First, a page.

Poor Paul got dropped in the end! But hell be back, no doubt.
So here's the finished for now sermon - I'll probably have another look at it this evening & make a few changes on the hard copy - but this is nearly what I want to say!
Jacob at Peniel
I don’t want to start with the ‘cosy’ story of the feeding of the 5000 this morning. I want to start with the much more difficult reading about Jacob wrestling at Jabbok.
What happens? Jacob, returning to face his cheated brother, Esau, has sent his flocks and his family ahead of him, to try to curry favour with his brother. As he crosses the river Jabbok after them, alone, ‘a man came and wrestled with him until just before daybreak’. Who is this ‘man’ – what is going on? There are many ancient stories of wrestling and conflict at river crossings, of people being challenged by supernatural beings and emerging, triumphant, with a blessing. Some have interpreted this story as being an encounter with an Angel, with a messenger of God. Jacob’s account is “I have seen God face to face” – he feels he has met God himself. Some commentaries describe this as a spiritual struggle, as Jacob wrestling with his own conscience.
Rembrandt’s version of Jacob wrestling with the angel which is in the gallery in Berlin shows Jacob as a small, furious man, being restrained and almost embraced by a much larger, more kindly-looking adversary – much as an adult might restrain a toddler with a tantrum until their anger has dissipated. Did God wrestle with Jacob in order to give him chance to cool down and catch his breath before facing Esau?
We can’t know, of course, quite what Jacob encountered – but we can see the difference it makes to him.
When we look at the story of Jacob, he really doesn’t come across as a pleasant character . Born just after his twin, Esau, Jacob means ‘heel catcher’ and he seems to have lived up to that reputation as one who cannot entirely be trusted.
I remember many years ago joining in with a game a youth group were playing, one that involved chasing one another around a circle. I was just managing to stay ahead of Andy when suddenly I tripped and went my length. It was only afterwards, as I bathed my bruises, that someone who’d been watching said ‘you know, he tripped you. He reached out and tapped your heel as you were running’! I learnt the hard way never to trust a heel-catcher.
Jacob certainly lives up to his name. When he and Esau are grown, he tricks the hungry hunter into giving up his rights as first-born, when Esau returns home desperate for the stew Jacob has made.
Then when his father Isaac is old and blind he tricks him into blessing Jacob and not Esau. And so Jacob has to run off to live with his uncle, Laban, to avoid Esau’s revenge. There he marries Laban’s daughters and tends his flocks, eventually deciding to return to his homeland. Even then he manages to trick his father-in-law into giving him the best animals from the herd.
Still frightened of Esau, Jacob has sent 220 goats & 220 sheep, 30 camels, 40 cows and 30 donkeys ahead as a gift for Esau, trying to fob off his brother with gifts, while he hides at the back.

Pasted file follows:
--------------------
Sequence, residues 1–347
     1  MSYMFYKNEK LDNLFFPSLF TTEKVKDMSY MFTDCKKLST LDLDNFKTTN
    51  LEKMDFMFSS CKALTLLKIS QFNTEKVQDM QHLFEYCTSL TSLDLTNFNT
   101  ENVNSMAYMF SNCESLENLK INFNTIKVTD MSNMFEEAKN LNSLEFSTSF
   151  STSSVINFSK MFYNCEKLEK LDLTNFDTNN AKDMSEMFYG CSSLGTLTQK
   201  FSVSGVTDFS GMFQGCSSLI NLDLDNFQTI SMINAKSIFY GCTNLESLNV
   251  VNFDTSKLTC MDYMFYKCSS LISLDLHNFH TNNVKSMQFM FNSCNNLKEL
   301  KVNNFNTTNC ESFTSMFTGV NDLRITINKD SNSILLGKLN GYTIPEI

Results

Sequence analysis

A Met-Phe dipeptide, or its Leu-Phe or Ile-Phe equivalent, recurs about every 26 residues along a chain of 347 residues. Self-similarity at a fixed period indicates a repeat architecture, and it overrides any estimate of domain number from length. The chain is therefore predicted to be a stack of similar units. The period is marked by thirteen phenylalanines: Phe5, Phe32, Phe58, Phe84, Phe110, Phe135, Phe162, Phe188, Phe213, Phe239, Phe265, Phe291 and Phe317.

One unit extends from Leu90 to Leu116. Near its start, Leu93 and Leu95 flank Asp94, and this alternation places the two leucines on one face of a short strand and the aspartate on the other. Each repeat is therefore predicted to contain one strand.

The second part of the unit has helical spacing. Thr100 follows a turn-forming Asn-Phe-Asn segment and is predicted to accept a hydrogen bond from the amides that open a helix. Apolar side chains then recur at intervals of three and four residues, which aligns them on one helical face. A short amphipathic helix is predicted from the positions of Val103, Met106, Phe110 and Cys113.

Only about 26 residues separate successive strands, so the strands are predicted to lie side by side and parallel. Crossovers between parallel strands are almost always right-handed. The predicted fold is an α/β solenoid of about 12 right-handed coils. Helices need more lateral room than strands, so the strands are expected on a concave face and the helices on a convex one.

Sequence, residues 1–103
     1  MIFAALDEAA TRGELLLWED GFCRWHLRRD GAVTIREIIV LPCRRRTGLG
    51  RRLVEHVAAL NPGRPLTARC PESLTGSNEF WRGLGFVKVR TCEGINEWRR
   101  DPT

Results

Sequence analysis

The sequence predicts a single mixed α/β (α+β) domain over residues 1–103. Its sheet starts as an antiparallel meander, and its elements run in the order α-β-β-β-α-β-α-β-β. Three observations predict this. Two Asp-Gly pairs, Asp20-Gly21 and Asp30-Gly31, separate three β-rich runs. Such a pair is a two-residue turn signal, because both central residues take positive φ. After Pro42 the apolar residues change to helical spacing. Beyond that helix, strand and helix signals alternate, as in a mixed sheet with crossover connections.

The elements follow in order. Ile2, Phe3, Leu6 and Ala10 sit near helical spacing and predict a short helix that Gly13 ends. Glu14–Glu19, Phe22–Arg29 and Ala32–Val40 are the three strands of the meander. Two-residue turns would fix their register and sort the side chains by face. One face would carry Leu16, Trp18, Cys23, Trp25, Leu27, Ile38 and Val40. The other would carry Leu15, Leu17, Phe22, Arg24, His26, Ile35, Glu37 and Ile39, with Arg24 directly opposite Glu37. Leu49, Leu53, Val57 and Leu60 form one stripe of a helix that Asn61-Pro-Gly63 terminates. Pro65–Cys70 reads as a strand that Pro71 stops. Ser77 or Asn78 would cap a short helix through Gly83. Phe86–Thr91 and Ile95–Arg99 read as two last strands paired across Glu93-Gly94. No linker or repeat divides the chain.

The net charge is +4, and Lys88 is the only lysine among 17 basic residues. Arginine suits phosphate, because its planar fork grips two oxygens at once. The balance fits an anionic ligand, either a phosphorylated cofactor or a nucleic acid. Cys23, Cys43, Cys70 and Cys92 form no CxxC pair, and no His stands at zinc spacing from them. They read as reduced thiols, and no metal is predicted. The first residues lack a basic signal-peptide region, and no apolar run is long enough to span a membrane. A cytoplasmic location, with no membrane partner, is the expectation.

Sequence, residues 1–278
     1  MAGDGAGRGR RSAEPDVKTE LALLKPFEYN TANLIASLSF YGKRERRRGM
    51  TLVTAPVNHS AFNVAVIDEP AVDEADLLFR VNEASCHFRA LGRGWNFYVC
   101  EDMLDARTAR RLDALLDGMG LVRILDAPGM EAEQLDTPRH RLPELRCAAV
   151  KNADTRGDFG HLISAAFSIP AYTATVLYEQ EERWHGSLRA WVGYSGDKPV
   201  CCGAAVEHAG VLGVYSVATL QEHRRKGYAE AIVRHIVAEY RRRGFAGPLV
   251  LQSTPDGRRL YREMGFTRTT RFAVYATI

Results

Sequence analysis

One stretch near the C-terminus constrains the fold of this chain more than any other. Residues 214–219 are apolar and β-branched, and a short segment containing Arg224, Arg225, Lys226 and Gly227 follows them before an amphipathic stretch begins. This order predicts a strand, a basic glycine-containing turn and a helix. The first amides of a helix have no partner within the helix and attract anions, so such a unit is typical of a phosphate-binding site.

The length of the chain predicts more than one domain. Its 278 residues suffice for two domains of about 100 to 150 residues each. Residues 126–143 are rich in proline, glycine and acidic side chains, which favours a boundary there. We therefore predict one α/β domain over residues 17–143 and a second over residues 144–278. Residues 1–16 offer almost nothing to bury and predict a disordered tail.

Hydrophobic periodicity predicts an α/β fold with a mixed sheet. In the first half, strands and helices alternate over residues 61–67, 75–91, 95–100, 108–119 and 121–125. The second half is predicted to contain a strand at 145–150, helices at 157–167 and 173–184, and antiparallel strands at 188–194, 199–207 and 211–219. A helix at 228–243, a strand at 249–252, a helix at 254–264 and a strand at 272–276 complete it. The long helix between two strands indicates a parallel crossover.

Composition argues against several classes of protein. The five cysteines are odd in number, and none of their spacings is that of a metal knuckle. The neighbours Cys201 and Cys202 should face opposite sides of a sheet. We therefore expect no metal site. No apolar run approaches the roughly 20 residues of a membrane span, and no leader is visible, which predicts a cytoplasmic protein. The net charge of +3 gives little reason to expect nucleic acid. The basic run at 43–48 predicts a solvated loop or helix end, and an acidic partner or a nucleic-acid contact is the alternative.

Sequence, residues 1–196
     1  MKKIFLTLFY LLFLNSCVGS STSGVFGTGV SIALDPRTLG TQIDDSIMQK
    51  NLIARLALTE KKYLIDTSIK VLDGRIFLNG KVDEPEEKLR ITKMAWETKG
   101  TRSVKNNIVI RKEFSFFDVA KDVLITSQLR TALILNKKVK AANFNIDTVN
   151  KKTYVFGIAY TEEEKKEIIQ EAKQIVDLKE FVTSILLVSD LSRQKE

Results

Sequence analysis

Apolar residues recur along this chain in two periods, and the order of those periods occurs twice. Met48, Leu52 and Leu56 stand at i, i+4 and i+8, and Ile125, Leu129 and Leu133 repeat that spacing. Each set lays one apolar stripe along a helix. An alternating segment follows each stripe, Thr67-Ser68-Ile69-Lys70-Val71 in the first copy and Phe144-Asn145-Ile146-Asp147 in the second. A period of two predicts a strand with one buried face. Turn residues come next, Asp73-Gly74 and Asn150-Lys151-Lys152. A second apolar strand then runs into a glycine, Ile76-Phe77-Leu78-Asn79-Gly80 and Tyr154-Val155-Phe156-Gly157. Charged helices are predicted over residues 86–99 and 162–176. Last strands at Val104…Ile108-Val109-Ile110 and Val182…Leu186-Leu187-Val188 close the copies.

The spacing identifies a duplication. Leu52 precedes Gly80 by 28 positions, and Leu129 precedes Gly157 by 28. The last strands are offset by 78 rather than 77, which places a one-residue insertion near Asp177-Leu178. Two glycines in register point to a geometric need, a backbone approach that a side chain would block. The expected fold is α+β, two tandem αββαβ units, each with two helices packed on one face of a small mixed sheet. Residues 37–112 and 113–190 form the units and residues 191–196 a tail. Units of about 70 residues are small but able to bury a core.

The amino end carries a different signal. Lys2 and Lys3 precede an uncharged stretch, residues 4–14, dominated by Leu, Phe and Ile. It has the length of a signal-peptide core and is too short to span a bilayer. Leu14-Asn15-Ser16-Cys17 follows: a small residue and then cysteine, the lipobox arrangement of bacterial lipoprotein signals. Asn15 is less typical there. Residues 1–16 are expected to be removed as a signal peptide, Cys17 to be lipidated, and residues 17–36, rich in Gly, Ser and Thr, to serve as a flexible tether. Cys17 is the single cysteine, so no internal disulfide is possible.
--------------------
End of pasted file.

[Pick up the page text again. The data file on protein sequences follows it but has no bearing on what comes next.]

We can see why Jacob would be feeling unsure and uncertain. In the darkness of the night, all alone, it’s not surprising that he wrestled with something, even if it was only his inner demons.
But whatever happens at the river Jabbok, Jacob emerges from the encounter as a new man, convinced that God will use him and bless his descendents. He emerges as Israel, the one who struggles with God, and his family will become the great tribe of Israel, and will continue to encounter and struggle with God.
And surely if God can use a sneaky, deceitful trickster like Jacob, the blessing of God is there for all of us – using our imperfections, making us his people in spite of ourselves.
When we feel to be at the point of crisis, when we feel alone or abandoned, when we feel we are wrestling with some thing greater than ourselves, God’s grace can take us and change us, and use us for his kingdom.
I described the feeding of the 5000 as ‘cosy’ earlier. We might think of it as a pleasant pastoral scene, something like a church picnic. But whenever we encounter a gospel story about Jesus and bread it is hard not to think of the Last Supper, eaten before Jesus’ death on the cross. The blessing, breaking and sharing of bread all came to symbolise, to the disciples, Jesus’ giving of himself for the world.
In this incident in the gospel Jesus first heals the physical ailments of those he meets, then he feeds them, he satisfies their deepest need, he shares everything he has and everything he is with them. This is grace – but it is costly.
As followers of Jesus, we are called to do the same. We are ourselves fed by Jesus so that we are able to ask of others not ‘how little can I get away with giving them’ but ‘how much do they need’? When we allow ourselves to wrestle with God and be blessed by God and then shared with others, need can be satisfied.
Let no-one doubt that the God who changed Jacob will receive us all, and can use us all – all those who are prepared to struggle will receive his blessing and can be made agents of the gospel in the world.
To his glory.